BR: Did Jamboree exist back then?
NJ: Jamboree is a very famous night club that young girls and a bunch of skaters go to.
I’m not sure if Jamboree existed but I do remember one particular place, and it was nasty Mondays with fuckin’ Nestor Judkins over there.
NJ: So your favorite skater was John Cardiel, right? Who’s your favorite construction worker?
That’s pretty random. I don’t have a favorite construction worker. But oddly enough, I think we could all agree here, I think we get pretty burnt out on skateboarding. So after I started skateboarding full time—for a living or whatever—I started to follow all of these random woodworkers and tool reviewers and shit on Instagram and I feel like such a dork when someone fuckin’ notices it. I’ll be in the tour van and they’re, like, “What are you looking at?” And it’s a saw going through some wood or a new tool review.
NJ: I’m gonna admit, I’m the most tool unsavvy. I don’t know how to do shit and it sucks. So I’m impressed when people know how to make stuff.
LB: I’m with Nestor on this one. I don’t sit in the van looking at how to drywall. I look at Kyle Walker grinding that fucked-up handrail. So ten years ago you were in Barcelona; you were on flow back then. Ten years later, now you’re pro; you’re on Enjoi; things are fucking going your way, dude! You’re one of the dudes now and you’re on this Enjoi trip with a couple ams and dudes who aren’t there yet. Ten years later, how do you reflect on the journey?
It’s something I could never fully grasp in the time period. Every fuckin’ thing is, like, I can’t believe it’s really happening, you know what I mean? When I think all the way back then, when I think about it that way, it’s amazing. But you’re always thinking about what’s gonna happen in six months or a year. So it’s always very easy to forget your last steps. But I have obviously appreciated it every second.
NJ: You have a plan with your skating: you know how to do tricks and get photos and what it takes to do the sponsored bullshit.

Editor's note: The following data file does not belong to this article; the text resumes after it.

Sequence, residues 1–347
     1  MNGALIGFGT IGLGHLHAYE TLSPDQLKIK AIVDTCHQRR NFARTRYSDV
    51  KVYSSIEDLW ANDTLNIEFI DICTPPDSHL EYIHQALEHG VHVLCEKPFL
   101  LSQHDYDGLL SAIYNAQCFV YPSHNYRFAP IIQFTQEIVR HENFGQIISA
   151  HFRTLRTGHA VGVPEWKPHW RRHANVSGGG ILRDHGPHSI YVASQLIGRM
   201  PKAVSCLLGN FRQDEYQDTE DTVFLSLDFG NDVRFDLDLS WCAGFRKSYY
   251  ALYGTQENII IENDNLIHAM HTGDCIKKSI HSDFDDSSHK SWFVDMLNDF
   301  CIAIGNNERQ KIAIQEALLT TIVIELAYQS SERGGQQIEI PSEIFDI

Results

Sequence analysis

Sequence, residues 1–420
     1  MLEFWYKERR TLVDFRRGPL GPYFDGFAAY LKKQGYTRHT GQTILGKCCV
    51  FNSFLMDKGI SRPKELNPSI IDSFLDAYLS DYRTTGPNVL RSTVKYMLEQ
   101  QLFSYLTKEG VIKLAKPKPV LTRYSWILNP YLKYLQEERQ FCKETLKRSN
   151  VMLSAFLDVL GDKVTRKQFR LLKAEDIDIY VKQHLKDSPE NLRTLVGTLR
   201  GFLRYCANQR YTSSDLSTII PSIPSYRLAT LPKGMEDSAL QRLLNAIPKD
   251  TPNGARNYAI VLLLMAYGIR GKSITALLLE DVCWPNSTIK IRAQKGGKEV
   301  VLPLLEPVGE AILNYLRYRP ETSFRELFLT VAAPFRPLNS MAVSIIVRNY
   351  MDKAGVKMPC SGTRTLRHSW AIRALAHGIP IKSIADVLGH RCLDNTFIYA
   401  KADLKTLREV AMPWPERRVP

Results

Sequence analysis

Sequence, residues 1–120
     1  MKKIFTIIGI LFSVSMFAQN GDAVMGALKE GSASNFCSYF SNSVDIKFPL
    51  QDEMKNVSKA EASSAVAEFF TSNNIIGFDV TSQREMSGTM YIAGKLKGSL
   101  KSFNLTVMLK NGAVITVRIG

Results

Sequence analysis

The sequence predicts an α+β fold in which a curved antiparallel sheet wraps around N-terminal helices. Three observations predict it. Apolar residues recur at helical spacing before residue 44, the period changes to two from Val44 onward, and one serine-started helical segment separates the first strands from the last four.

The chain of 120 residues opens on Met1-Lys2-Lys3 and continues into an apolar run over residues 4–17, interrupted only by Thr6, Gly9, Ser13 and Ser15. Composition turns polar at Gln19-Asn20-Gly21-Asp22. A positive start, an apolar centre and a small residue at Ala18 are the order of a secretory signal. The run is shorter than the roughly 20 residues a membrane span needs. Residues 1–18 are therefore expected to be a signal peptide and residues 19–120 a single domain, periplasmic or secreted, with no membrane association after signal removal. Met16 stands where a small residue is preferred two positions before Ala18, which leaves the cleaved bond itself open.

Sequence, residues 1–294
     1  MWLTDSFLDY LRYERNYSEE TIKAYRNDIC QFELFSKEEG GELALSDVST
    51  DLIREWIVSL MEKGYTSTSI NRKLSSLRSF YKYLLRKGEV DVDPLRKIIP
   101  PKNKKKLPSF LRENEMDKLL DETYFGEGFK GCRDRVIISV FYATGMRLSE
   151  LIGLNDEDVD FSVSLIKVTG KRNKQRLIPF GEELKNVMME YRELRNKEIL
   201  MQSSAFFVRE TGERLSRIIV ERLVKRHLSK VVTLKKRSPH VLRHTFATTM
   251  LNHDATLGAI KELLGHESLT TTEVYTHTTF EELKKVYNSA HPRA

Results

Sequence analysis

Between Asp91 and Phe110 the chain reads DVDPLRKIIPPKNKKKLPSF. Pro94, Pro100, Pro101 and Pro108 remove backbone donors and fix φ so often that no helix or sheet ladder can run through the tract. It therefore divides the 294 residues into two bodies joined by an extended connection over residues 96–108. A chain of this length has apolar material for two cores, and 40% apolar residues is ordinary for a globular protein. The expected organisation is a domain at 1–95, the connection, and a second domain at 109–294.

I think there’s definitely a formula and anyone who is sponsored and makes a living off of skateboarding kind of gets it. I mean it’s a job, you know? It’s a fuckin’ formula, for sure.
LB: Do you feel like when you’re working on a video part, is it a complete piece of your life or is it just you compiling clips here an there?
Usually when I start, like when you came at me, Louie, and we had this whole idea for this video part, my first thought is as one full idea or project. But it’s always something I’m never satisfied with. I feel like it’s never fuckin’ finished. I always feel like I could do better, always wish I had more time. There’s always one piece that’s missing. You know, I want to find the best song, all that, and hopefully one day I can do that.
LB: Do you blueprint out your video parts? Do you think, like, “I need three handrail tricks; I need four gap tricks; I need a big line that ties it all together?”
Usually after a video project that I’ve worked on is done, I just go out filming with my friends thinking something’s gonna happen again. But as soon as I get word that there’s an actual part or project or something is gonna happen on a set date, then I start thinking in my head that I need a blueprint for what to work on. I’ll have an idea, like, I want to go fast, I want to grind long, I want this song, I want this many lines—stuff like that.
Switch 180 to front feeble. Remember when this was called a Sieben grind? Nobody else does either Photo: ZASLAVSKY